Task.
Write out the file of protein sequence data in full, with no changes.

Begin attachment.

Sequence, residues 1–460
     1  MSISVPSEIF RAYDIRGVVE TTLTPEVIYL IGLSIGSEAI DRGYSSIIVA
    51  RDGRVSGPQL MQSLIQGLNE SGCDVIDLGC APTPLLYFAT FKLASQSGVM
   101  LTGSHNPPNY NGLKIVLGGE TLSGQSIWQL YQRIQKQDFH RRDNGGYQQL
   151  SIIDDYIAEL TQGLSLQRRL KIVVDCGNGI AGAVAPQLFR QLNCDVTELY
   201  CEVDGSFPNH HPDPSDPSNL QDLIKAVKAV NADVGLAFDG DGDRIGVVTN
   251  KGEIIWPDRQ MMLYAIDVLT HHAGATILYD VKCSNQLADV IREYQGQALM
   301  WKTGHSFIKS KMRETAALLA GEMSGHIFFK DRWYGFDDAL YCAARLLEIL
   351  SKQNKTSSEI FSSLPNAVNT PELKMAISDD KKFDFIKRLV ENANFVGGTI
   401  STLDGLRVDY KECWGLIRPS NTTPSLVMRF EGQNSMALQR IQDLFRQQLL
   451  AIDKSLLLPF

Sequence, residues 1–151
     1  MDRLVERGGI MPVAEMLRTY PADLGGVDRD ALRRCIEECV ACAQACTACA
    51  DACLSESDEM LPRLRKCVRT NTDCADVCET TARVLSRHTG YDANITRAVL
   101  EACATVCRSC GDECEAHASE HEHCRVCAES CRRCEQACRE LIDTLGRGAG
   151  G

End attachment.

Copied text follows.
Sequence, residues 1–460
     1  MSISVPSEIF RAYDIRGVVE TTLTPEVIYL IGLSIGSEAI DRGYSSIIVA
    51  RDGRVSGPQL MQSLIQGLNE SGCDVIDLGC APTPLLYFAT FKLASQSGVM
   101  LTGSHNPPNY NGLKIVLGGE TLSGQSIWQL YQRIQKQDFH RRDNGGYQQL
   151  SIIDDYIAEL TQGLSLQRRL KIVVDCGNGI AGAVAPQLFR QLNCDVTELY
   201  CEVDGSFPNH HPDPSDPSNL QDLIKAVKAV NADVGLAFDG DGDRIGVVTN
   251  KGEIIWPDRQ MMLYAIDVLT HHAGATILYD VKCSNQLADV IREYQGQALM
   301  WKTGHSFIKS KMRETAALLA GEMSGHIFFK DRWYGFDDAL YCAARLLEIL
   351  SKQNKTSSEI FSSLPNAVNT PELKMAISDD KKFDFIKRLV ENANFVGGTI
   401  STLDGLRVDY KECWGLIRPS NTTPSLVMRF EGQNSMALQR IQDLFRQQLL
   451  AIDKSLLLPF

Sequence, residues 1–151
     1  MDRLVERGGI MPVAEMLRTY PADLGGVDRD ALRRCIEECV ACAQACTACA
    51  DACLSESDEM LPRLRKCVRT NTDCADVCET TARVLSRHTG YDANITRAVL
   101  EACATVCRSC GDECEAHASE HEHCRVCAES CRRCEQACRE LIDTLGRGAG
   151  G